How do we bring our online community to life?
Nearly every overnight success in the online world was actually months in the planning... and social media is no different. Turning the empty streets and sidewalks of your web site into a bustling, thriving community takes a lot of planning and effort. But the good news is, that effort is often enjoyable (there's a reason we call it social media) - and the payoff can be tremendously rewarding.
You start by thinking of your prospective community members: what are you going to offer them that's so compelling it's worth spending time on your site instead of opting for Flickr, Facebook or Family Guy? Keep that in mind as you plan the rest of your site launch and the critical weeks and months afterward. Devote enough promotion resources to raise awareness; ensure you're staffed up to welcome your visitors. And take pride in what you're doing - community-building is a real service.
Web 2.0 isn't just about delivering a message; it's about engaging in conversation, and nowhere is that more true than in the non-profit space. Here are six basic principles for non-profits (or any other organizations) venturing into social media.
Drawing people to your site is just the first step. How do you motivate them to actually participate, to contribute their own time, ideas and content? In other words, how do you bring your site to life?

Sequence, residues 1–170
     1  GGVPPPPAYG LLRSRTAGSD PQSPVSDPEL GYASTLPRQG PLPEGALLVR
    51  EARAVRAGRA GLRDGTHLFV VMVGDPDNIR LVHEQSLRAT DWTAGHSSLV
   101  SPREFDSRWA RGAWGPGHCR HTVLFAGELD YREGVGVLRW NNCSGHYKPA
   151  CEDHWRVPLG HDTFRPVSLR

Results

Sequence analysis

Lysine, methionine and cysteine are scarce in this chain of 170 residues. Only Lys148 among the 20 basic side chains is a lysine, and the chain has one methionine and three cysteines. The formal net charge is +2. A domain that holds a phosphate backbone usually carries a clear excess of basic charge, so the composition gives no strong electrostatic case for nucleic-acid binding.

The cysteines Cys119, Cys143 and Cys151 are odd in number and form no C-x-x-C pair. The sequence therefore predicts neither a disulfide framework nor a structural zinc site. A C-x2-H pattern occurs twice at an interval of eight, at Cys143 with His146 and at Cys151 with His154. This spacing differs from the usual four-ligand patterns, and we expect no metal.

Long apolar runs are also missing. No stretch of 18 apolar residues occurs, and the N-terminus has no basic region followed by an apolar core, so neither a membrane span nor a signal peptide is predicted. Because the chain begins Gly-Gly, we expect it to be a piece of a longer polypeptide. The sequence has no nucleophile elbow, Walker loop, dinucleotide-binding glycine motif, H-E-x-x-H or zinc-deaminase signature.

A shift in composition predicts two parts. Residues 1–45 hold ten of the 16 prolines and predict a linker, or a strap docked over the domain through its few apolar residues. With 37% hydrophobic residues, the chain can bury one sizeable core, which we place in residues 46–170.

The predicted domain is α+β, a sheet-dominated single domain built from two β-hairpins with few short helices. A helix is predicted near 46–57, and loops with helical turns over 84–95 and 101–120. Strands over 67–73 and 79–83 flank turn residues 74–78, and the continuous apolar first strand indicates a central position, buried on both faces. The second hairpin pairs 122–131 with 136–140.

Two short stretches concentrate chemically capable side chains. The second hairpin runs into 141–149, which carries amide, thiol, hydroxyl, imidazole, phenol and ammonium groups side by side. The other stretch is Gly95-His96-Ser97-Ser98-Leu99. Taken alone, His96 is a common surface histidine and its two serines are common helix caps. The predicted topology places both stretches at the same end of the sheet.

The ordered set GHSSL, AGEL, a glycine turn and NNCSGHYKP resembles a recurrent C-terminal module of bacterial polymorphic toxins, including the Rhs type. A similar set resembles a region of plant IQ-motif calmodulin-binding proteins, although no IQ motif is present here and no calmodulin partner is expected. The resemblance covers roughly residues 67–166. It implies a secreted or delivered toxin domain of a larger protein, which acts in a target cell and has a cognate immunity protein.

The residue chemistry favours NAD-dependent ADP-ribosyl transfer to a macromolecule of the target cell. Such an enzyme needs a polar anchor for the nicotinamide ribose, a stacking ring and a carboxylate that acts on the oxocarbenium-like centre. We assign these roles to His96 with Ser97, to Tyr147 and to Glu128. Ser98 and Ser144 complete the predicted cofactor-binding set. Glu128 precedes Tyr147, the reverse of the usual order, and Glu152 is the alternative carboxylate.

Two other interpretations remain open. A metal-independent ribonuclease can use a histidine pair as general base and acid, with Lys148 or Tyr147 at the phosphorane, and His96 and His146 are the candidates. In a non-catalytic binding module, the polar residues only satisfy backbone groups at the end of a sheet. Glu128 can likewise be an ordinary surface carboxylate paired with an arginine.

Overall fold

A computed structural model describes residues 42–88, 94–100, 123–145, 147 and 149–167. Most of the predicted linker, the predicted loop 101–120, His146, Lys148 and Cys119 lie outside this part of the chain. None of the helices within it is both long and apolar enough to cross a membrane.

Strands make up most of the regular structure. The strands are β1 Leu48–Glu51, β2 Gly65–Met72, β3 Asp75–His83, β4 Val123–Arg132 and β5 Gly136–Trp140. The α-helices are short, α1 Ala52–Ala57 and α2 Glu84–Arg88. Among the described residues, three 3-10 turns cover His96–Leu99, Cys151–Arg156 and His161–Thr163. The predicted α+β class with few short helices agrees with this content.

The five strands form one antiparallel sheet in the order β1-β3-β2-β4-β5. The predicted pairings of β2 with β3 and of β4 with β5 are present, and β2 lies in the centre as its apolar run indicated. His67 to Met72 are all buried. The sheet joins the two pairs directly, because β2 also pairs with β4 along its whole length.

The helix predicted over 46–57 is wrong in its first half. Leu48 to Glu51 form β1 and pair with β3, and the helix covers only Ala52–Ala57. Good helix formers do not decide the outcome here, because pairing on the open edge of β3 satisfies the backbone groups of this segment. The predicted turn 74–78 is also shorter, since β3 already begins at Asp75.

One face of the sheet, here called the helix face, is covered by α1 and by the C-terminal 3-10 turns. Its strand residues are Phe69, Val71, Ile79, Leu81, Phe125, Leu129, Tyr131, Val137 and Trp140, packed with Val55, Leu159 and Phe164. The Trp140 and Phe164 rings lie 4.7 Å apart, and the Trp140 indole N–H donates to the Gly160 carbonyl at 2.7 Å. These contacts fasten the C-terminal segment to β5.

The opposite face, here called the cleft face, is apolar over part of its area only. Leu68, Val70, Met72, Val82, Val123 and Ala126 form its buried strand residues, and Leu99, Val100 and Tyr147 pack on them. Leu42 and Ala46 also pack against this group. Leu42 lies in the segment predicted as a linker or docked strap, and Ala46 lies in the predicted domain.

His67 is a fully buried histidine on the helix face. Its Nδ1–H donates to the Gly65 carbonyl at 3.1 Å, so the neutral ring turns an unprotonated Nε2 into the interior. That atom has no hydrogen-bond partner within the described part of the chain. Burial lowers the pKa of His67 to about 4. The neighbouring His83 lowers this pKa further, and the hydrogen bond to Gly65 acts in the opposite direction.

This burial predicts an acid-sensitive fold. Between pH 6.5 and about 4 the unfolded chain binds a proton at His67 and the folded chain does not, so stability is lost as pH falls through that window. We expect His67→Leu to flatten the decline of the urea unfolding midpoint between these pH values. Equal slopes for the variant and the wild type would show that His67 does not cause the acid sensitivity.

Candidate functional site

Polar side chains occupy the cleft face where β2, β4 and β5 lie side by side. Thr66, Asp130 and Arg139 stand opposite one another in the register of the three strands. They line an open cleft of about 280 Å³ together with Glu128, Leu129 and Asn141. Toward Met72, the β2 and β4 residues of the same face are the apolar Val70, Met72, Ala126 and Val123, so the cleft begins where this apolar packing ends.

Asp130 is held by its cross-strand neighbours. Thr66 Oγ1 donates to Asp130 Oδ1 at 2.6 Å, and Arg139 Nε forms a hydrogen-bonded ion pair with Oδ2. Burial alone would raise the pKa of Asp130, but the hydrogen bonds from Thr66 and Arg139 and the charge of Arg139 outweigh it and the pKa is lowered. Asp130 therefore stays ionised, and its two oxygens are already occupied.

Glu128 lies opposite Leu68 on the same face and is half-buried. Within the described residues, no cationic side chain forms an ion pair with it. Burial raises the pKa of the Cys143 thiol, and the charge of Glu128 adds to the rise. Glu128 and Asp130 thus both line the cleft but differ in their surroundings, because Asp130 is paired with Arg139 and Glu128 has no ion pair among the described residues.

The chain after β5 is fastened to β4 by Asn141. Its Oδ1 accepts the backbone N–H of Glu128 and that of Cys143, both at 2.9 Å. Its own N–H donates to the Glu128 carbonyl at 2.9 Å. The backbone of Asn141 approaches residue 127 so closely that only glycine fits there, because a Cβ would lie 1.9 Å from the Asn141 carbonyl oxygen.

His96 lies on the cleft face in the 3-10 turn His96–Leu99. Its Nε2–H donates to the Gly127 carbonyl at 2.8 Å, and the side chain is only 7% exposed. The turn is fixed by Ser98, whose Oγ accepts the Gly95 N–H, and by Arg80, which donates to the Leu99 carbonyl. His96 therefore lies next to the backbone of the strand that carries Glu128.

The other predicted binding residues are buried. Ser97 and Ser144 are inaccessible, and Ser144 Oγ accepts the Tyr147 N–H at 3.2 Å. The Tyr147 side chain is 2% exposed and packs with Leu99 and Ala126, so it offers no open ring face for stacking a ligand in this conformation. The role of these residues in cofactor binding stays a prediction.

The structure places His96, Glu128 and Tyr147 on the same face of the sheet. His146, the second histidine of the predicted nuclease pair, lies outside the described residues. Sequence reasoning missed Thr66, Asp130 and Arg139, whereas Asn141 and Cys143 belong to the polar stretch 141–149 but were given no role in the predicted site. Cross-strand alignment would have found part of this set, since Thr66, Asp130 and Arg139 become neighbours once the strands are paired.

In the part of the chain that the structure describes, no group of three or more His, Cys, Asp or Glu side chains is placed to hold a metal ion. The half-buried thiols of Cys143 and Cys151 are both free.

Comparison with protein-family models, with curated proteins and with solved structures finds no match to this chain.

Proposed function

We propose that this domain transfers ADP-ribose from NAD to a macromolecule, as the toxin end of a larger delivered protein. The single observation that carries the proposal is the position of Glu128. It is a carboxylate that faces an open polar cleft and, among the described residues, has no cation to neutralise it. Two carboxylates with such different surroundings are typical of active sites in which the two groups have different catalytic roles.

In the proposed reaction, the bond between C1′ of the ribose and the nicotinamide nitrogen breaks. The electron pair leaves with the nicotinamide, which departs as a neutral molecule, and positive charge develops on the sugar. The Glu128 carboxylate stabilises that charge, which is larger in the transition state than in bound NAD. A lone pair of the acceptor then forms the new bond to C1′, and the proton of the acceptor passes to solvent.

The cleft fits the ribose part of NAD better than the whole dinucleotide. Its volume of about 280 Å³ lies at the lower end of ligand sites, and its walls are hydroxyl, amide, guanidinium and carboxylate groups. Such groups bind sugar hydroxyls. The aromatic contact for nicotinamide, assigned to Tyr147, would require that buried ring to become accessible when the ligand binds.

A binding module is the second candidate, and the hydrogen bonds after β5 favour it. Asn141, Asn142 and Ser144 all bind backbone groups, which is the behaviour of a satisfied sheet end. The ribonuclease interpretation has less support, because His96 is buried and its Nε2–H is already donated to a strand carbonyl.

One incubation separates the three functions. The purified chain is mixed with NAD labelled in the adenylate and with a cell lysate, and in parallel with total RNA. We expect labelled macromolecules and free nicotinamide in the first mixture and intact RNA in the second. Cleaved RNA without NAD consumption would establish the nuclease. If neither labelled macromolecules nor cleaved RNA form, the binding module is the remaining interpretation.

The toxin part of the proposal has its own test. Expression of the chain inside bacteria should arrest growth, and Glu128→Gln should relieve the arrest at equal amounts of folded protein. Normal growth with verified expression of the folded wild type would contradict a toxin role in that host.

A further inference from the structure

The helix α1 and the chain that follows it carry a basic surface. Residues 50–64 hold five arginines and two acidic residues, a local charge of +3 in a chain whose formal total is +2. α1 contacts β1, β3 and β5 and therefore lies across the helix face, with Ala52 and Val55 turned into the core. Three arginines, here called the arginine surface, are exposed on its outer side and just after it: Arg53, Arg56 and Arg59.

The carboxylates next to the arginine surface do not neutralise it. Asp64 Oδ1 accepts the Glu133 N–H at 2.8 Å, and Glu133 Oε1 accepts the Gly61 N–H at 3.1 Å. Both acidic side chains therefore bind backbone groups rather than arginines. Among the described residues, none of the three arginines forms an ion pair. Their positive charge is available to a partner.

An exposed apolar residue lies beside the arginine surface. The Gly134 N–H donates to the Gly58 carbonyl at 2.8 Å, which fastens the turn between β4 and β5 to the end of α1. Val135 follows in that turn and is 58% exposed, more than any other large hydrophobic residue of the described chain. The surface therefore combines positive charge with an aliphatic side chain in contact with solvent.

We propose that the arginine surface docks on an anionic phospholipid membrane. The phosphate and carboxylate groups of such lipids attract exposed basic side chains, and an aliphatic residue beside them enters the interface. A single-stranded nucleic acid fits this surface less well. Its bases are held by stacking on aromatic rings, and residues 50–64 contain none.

Your engagement plan is the roadmap of what you want to achieve in the first 3 to 6 months of your project, and how you're going to get there. Here are the ingredients of a winning engagement plan, from blogger outreach to incentives and contests.
Kathy Sierra at the Creating Passionate Users blog notes how hard it can be for a new user to break into a community... especially if it's built around user-submitted questins and answers. Most forum operators handle newcomers with an FAQ; a few visionaries create a safe environment for asking questions. But Sierra says you can dramatically escalate participation if you make it easier for newbies to answer questions, too... and she has six suggestions for doing just that.
How do you create a site that keeps people on your pages? One of your most attractive features may be a big, well-lit exit door. Here's how you can keep your site from feeling cut-off from the rest of the Net... and keep a healthy circulation going, in and out.
Gaming the system, creating fake supporters, forgetting your users... there are many dead ends on the road to social media success. Here's how to avoid some of the deadest.
Traffic jams can happen in the online world as well as on the street; collision here, a bottleneck there, and suddenly your conversation is stalled in gridlock. And like traffic cops, your site animator can't be everywhere. The solution? Empowering your community members to be the first responders when trouble flares.
Working with everything from political groups to online discussion boards, I've heard the same lament: "We have so many members. Why do we have so few people participating?" The evidence suggests user participation usually follows a 90-9-1 rule, with 90% of members passively observing, 9% contributing from time to time, and only 1% participating regularly. The good news: once you know that, you can plan for it... and help users move from that 90% to the 1%.
The web site's done. The launch date is set. Now - before you open the site's doors to the world - take these critical steps to starting your community off on the right foot.
Want to make your online community a roaring success? Try approaching it the same way you'd hold a party - from choosing an appealing venue to introducing your guests to each other. (If you can figure out how to put an open bar online, you'll be unbeatable.)